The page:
Author Topic: Reader's Nook  (Read 80100 times)

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Offline 6pairsofshoes

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Re: Reader's Nook
« Reply #330 on: April 25, 2023, 10:05:49 PM »
Homeschooling my daughter, we are reading Alice in Wonderland, very interesting comparisons from the Disney in my head to the material in the book.

That's a great story.  It's fun to read Lewis Carroll.   Through the Looking Glass is also wonderful.  When I was in college I discovered his Pillow Problems and a Tangled Tale, basically logic problems, but very funny ones. Available for free borrows at archive.org.   There are several movies made of Alice in Wonderland, and some of the older ones are the best, although there's even one with Johnny Depp, if memory serves (maybe that's the Disney one you were talking about? directed by Tim Burton?)

Edward Lear is also really enjoyable to read as he wrote lots of daffy oddball poems.

Offline goldshirt*9

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Re: Reader's Nook
« Reply #331 on: April 26, 2023, 07:43:24 AM »
Homeschooling my daughter, we are reading Alice in Wonderland, very interesting comparisons from the Disney in my head to the material in the book.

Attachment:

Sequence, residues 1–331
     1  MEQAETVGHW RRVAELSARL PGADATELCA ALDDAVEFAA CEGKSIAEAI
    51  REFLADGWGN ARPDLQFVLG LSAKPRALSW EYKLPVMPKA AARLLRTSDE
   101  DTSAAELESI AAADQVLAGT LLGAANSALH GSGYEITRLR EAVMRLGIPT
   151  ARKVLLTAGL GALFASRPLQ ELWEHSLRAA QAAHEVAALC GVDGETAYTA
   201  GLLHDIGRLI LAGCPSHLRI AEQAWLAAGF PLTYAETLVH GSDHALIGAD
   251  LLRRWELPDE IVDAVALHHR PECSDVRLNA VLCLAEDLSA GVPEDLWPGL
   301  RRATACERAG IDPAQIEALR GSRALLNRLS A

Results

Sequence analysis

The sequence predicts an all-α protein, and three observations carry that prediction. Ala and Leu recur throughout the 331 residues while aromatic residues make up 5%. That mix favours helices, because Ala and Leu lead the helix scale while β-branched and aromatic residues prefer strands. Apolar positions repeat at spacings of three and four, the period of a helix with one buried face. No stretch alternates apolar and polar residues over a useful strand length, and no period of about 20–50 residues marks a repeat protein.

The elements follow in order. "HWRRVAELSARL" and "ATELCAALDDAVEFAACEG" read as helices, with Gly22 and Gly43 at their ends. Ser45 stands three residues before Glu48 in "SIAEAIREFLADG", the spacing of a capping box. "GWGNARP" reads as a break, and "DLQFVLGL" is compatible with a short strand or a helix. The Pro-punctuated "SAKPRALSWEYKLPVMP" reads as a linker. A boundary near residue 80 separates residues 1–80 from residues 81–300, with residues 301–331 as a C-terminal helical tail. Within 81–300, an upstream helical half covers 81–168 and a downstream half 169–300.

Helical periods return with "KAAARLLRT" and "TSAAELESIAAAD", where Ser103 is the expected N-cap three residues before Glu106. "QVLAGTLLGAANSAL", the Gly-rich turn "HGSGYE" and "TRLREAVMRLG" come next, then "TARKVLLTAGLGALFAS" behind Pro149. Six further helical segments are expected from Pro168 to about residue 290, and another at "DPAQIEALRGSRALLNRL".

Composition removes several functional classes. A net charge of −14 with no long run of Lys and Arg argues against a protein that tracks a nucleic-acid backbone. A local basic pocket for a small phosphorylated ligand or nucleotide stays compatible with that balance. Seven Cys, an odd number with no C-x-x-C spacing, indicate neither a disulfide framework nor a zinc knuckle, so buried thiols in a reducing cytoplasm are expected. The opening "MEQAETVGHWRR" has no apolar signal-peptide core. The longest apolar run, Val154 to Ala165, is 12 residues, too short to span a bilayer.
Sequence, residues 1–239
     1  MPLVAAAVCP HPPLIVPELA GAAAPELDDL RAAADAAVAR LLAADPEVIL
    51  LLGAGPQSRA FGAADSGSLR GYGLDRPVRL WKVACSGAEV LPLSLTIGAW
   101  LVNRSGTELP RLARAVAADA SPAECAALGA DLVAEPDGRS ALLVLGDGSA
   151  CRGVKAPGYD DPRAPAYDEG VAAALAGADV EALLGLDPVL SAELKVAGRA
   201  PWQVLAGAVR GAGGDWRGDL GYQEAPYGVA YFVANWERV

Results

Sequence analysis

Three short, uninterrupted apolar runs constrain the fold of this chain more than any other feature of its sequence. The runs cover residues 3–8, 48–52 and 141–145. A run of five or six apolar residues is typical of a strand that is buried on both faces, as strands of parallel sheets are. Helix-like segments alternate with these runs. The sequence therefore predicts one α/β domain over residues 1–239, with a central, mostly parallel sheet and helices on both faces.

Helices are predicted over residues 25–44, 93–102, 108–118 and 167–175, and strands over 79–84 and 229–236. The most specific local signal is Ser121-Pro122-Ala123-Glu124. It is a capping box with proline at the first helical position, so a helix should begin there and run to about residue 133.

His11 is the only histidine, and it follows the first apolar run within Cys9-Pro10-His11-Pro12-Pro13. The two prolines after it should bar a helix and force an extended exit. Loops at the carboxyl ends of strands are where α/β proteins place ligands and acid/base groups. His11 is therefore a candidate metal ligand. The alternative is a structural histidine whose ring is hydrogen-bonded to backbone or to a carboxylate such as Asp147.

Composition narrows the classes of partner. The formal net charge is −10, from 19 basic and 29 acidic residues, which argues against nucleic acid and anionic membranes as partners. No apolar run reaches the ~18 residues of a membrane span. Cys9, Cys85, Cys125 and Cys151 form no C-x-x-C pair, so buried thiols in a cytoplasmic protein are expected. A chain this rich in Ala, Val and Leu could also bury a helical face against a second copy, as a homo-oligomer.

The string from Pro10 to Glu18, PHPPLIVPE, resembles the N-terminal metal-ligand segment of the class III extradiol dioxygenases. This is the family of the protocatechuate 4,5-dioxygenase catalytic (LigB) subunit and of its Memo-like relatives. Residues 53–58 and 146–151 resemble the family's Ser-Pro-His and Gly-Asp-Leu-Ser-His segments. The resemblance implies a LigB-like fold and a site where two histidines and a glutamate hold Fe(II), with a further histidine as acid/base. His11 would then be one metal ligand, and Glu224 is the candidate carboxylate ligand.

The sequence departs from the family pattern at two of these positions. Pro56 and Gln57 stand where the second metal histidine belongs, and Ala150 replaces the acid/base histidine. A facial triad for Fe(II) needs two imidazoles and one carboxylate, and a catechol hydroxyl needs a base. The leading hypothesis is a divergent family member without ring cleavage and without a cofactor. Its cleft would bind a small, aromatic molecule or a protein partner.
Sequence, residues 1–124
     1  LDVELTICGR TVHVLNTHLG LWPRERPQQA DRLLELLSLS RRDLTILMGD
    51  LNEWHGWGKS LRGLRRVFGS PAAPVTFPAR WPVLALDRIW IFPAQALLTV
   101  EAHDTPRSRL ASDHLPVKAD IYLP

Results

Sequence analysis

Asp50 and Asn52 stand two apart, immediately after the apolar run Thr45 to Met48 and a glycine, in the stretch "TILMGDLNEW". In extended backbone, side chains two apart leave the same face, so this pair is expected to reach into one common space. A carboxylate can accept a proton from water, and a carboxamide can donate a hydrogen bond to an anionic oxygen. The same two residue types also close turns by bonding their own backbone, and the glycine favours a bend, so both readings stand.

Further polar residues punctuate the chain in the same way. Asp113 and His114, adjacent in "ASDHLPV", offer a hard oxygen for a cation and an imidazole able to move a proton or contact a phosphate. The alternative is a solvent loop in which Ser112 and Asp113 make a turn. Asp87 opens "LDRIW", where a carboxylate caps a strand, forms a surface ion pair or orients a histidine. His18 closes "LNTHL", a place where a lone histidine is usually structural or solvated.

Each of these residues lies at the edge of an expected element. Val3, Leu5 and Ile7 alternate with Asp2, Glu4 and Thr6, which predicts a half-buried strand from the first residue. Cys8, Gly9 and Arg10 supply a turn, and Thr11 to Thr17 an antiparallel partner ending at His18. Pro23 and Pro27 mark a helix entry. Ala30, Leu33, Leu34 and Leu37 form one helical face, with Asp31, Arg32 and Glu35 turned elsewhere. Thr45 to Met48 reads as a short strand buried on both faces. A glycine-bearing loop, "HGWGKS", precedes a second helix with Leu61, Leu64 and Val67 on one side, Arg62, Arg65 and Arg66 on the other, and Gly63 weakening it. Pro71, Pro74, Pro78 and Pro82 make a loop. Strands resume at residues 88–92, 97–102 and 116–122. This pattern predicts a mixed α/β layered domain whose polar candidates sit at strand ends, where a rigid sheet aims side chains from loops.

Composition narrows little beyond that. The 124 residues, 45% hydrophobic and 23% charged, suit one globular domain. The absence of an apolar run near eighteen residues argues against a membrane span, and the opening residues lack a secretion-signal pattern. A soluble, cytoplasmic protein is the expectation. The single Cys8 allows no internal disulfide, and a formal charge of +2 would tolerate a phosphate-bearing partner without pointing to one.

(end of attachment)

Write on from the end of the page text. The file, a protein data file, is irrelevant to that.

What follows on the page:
I personally have found that anything that Disney has made into a film Alice in wonderland, Sword in the stone - I just cannot then read the book  :o

Offline goldshirt*9

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Re: Reader's Nook
« Reply #332 on: August 23, 2023, 08:12:31 AM »
God is not Great - Christopher Hitchens

Offline 6pairsofshoes

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Re: Reader's Nook
« Reply #333 on: August 23, 2023, 09:51:33 PM »
I have not read the book, but recall an article by him lambasting Mother Theresa.  It's been years since I read it.  I do recall that he was a bit extreme in his criticisms in that case. 

That said, I saw him speak several years ago at a local law school and he was delightful as an orator -- quick on his feet.  He was wonderfully smart and I miss the level of debate that he fostered, given the focus of specialized media that offers multiple talking heads who offer "contrasting points of view" but who are in fundamental agreement.

I write this instead of watching the Republican presidential debate.

Offline goldshirt*9

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Re: Reader's Nook
« Reply #334 on: August 24, 2023, 03:44:08 AM »